1. Use small plates and bowls. A study published in January 2012 in the Journal of Consumer Research discovered that people tend to serve themselves considerably less in small bowls than large bowls. Researchers theorized this was because of the Delboeuf illusion in which two circles of the same size are placed close to each other. One is surrounded by a large ring (think a large plate), and the other is surrounded by a smaller ring (think a small plate). This illusion makes the circle (i.e., our food) surrounded by the large ring appear smaller, so we end up serving ourselves too much.
2. Make sure your plate or bowl is a different color than your food. The 2012 Journal of Consumer Research study previously mentioned also found that the color of your dishware matters. The bigger the difference between the food color and the plate color, the less likely participants were to over-serve themselves. In other words, you’re better off serving tomato soup in a white bowl, since you’re more likely to serve yourself too much if you serve it in a red bowl.
3. Match your tablecloth to your dishware. The Consumer Research study reported a third factor influencing our portion control: tablecloth color. When the tablecloth color matched the dishware color, participants dished themselves less food. Researchers hypothesized that this was because matching the tablecloth and the dishware helps eliminate the Delboeuf illusion’s effect by making the dishware (i.e., the outer circle of the Delboeuf illusion) less noticeable.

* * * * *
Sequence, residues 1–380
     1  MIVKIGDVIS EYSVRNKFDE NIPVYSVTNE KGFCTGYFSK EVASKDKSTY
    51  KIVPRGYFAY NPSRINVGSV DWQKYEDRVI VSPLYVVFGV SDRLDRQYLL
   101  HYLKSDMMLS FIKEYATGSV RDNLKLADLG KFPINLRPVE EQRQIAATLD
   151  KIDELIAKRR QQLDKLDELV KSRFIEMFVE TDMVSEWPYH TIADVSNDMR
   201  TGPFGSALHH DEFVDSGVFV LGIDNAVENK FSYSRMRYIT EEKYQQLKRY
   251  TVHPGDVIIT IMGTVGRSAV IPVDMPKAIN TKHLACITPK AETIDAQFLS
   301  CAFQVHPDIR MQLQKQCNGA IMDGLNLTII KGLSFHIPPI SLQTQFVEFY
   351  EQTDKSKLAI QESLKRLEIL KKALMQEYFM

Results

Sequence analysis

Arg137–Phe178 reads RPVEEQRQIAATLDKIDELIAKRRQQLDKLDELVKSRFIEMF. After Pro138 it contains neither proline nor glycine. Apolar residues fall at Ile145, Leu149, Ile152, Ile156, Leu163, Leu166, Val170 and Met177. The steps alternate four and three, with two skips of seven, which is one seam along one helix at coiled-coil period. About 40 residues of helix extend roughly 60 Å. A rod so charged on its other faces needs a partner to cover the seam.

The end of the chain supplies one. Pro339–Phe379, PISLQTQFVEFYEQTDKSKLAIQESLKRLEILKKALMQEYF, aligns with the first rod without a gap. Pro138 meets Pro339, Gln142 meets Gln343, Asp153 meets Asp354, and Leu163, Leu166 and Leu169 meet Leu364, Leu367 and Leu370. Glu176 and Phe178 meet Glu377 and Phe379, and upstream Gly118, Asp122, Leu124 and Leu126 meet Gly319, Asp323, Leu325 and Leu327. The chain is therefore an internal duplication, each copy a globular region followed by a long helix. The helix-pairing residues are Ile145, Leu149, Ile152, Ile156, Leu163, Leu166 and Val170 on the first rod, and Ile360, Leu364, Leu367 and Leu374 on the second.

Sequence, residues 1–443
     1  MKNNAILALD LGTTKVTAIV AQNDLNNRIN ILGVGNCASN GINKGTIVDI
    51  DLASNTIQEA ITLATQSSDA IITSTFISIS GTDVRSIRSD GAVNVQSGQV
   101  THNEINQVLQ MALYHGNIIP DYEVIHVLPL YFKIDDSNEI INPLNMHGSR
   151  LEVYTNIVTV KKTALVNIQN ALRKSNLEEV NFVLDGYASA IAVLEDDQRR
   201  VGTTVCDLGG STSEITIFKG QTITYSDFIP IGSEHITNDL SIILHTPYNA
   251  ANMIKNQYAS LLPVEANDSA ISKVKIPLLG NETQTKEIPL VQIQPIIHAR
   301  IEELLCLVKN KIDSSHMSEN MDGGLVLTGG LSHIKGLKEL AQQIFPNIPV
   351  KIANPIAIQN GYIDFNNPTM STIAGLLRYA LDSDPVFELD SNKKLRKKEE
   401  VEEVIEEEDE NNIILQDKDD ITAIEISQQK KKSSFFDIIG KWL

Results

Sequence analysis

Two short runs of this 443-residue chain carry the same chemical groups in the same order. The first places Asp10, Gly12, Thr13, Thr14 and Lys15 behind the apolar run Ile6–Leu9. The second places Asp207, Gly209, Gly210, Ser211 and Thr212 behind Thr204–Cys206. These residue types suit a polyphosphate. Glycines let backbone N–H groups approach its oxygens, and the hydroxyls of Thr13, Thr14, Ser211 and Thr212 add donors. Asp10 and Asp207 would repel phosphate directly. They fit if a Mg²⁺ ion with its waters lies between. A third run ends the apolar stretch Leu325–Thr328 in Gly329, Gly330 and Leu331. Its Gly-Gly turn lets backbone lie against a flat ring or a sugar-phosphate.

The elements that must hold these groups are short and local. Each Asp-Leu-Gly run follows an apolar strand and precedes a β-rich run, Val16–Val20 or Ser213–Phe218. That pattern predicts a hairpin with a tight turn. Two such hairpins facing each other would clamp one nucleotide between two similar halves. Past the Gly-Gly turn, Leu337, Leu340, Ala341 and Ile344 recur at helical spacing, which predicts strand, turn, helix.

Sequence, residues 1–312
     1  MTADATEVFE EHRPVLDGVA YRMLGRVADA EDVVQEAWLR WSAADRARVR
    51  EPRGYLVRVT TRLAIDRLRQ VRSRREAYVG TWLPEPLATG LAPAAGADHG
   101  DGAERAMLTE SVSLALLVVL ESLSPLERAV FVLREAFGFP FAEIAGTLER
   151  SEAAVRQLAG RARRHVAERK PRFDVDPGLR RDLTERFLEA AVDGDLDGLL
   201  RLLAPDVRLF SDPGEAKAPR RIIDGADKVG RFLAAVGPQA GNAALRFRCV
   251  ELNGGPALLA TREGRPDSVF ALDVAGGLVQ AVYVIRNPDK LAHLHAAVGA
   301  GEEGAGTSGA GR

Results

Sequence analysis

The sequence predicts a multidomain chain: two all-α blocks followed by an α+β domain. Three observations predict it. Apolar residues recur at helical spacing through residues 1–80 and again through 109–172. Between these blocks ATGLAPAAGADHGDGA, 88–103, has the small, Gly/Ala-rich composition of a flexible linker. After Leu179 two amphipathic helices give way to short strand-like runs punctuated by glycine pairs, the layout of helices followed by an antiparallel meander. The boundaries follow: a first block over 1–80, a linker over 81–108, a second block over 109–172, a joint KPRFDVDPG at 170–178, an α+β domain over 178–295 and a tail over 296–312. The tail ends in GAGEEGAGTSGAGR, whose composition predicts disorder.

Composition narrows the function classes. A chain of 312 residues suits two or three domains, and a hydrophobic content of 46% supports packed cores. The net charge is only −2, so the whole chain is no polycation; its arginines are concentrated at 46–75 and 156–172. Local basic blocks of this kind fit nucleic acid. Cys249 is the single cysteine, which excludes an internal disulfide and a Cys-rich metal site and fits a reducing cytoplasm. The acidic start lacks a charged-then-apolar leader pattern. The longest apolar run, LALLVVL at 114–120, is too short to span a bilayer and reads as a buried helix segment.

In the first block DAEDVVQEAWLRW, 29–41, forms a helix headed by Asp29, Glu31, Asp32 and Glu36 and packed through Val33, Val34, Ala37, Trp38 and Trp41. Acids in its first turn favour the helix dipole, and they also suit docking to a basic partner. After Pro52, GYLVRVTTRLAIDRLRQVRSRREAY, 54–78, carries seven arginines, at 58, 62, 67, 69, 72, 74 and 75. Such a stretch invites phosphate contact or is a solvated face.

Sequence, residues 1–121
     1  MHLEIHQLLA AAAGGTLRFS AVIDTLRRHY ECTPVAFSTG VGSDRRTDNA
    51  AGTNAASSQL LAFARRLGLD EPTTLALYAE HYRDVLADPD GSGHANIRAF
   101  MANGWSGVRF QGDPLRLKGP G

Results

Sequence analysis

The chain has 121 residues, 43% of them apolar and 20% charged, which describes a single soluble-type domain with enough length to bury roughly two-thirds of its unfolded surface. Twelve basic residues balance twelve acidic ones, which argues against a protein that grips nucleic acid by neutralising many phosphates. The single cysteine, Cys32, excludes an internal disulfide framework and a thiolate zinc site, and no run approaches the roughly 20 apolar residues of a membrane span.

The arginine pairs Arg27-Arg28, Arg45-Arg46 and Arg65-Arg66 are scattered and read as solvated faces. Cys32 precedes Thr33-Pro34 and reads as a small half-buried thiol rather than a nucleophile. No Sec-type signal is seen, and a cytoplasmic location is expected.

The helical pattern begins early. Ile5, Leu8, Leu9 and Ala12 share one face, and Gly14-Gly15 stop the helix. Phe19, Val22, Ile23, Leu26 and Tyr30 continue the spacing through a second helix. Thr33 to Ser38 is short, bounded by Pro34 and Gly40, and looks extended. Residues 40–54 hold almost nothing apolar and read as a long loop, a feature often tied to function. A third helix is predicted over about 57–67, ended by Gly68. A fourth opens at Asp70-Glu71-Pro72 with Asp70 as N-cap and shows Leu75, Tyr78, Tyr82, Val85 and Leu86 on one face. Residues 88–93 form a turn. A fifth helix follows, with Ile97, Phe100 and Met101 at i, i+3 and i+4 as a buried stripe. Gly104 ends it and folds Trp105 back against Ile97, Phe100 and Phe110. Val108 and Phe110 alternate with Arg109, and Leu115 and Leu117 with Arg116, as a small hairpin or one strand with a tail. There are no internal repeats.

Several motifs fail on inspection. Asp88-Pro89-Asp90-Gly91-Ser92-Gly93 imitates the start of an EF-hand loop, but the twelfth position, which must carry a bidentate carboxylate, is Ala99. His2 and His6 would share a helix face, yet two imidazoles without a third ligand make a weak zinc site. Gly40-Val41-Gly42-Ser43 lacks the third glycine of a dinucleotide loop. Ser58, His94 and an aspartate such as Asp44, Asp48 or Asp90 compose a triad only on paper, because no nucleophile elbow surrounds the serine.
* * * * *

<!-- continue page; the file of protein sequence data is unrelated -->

4. For snack attacks, choose 100-calorie packs. It turns out those individually packaged 100-calorie packs actually do the trick. A 2011 study published in Obesity found that participants ate 25.2% fewer calories when eating from 100-calorie snack packs than from larger bags of snacks. This strategy was particularly effective with overweight participants, who actually ate 54.1% less when given the 100-calorie packs.
5. Don’t eat in front of the computer or TV. The more distracted we are, the more we eat, according to a 2007 study published in the American Journal of Clinical Nutrition. Researchers reported that participants who ate while playing Solitaire felt less full after eating than participants who ate without any distractions. The Solitaire participants also ate twice as many snacks as the non-distracted patients and had a harder time remembering what they ate. Conclusion: Get away from your desk and take that lunch break somewhere else — you deserve the break anyway.